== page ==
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How Much Money Do You Need for a Newborn?

posted: 04/14/15
by: Sarah Fernandez
How Much Money Do You Need for a Newborn
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Is your bank account ready for a baby?
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Having a baby is expensive, really expensive. A lot of those costs factor into play as the child ages and begins getting involved in activities, school, and travel down the road. When it comes to having a newborn, some people will say that you need to save up your pennies before getting pregnant while other experts claim that there is no need for a baby budget. But the fact is that having a baby does cost money so just how much do you really need to have a newborn?

Medical Costs

Before you even leave the hospital, there's a decent chance that you'll have shelled out a fair amount of money on your new baby. Prenatal care is a crucial part of a healthy pregnancy so expect to be paying co-pays or full appointment costs for nine months of appointments. For those that have good insurance, all of your delivery and hospital stay costs may be covered, but that's not the case for many. The average family with insurance pays about $500 out-of-pocket for a normal delivery in which there are no complications for the mother or baby. That number increases drastically for those without insurance and can be upwards of $10,000. The baby will also have check-ups with a pediatrician at least twice in their first month of life so factor in any out-of-pocket costs for standard appointments as well.

Gear

Newborns don't need a whole lot of stuff, although society sure makes it seem that way, and it's hard to resist a lot of those cute little toys and outfits. But when we're talking about the bare minimum cost of what you'll need for a newborn, the list is pretty short. The baby needs a car seat, bassinet or crib, blankets, and clothing. For the very basic versions of these items, you'll pay approximately $400; however, because most people like to have versions of these items that have added safety measures or other features, it's likely that you'll spend much more than this on them. This number also doesn't include a stroller, changing table, baby bath, bounce seat, or any of the other gear that most people do buy even though it isn't particularly necessary because it sure does make life a lot easier when you've got a newborn so a more realistic figure is closer to $1,000.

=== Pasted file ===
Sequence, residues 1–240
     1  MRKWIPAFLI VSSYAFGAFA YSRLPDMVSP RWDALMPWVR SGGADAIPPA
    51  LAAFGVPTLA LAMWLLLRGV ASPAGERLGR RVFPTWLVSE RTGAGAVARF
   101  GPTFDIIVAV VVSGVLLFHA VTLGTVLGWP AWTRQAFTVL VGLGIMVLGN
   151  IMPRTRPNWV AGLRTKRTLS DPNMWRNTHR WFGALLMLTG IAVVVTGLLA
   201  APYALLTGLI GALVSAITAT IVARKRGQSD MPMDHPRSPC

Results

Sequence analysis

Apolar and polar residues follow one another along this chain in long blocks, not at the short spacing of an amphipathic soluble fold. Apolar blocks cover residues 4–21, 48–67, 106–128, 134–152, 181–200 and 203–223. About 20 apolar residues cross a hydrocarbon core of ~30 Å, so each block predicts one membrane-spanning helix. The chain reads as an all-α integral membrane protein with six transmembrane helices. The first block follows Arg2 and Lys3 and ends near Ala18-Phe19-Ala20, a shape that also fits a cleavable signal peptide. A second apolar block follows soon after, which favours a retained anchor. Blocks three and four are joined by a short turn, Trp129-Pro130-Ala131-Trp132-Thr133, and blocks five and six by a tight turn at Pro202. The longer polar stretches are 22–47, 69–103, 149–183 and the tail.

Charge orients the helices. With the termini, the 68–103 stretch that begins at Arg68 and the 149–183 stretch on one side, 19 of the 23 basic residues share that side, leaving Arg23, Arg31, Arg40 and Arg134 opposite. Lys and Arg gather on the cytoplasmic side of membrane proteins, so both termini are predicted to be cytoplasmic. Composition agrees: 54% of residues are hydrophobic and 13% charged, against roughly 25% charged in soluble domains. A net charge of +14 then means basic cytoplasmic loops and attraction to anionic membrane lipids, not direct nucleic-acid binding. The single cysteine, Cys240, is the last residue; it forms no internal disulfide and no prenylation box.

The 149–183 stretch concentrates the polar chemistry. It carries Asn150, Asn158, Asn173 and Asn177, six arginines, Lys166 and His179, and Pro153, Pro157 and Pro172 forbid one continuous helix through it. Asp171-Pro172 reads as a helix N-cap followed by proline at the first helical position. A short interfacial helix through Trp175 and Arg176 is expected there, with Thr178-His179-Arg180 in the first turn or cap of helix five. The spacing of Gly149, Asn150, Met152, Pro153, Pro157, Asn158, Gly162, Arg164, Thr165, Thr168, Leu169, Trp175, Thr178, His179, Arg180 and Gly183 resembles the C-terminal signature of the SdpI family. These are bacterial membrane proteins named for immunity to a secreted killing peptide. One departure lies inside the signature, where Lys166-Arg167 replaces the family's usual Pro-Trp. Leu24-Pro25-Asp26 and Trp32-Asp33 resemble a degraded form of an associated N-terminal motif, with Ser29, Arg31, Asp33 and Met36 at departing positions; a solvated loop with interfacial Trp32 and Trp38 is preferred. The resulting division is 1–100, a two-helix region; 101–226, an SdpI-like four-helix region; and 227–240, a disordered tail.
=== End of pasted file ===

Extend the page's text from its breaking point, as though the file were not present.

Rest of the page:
Feeding and Diapering

For moms who breastfeed, feeding costs for the newborn will be nothing except for a few bucks on breast pads and creams unless the mother needs to get a breast pump in those first few weeks. Manual breast pumps start at around $40 and the more advanced electric ones are upwards of $200. But expectant parents should be prepared for the fact that even though they have the best intentions to breastfeed, it's not always possible. If formula feeding is required, about $20 in bottles will be needed and the cost of formula will be in the range of $25 each week. Parents can also expect to go through at least one package of diapers each week at approximately $10 per package and about $4 each week in wipes.

The Variables

The cost of having a newborn differs drastically from one family to the next based on health insurance plans, what level of quality they want to invest in for their gear, and the choices they make about feeding and diapering. But in the first month of a newborn's life, parents can expect to spend a bare minimum of $450 if they have 100 percent health insurance coverage and breastfeed. However, chances are that you'll be spending closer to $1,500 to prepare for baby's arrival and take care of them in their first month. There are some ways in which you can save money on the gear you need for your little one by shopping at second hand stores or searching places like Craigslist.

Another crucial factor to consider when preparing for a newborn is how much income will be lost while parents are on maternity/paternity leave. Most states offer temporary disability insurance to women who give birth for at least a few weeks, however, that will not be the same amount as their full pay and can only be collected if she is working to begin with. Maternity leave packages vary greatly, and while companies are required to hold your job for a certain period of time, they are not required to pay you while you are out from work so be certain you know your company's policy so that you can prepare for any adjustment in pay during those weeks.

The first weeks of parenthood are not cheap, but the truth is that it doesn't get any less expensive, particularly once you enter the world of paying for daycare, but having a baby and all the joy it brings you is worth every penny.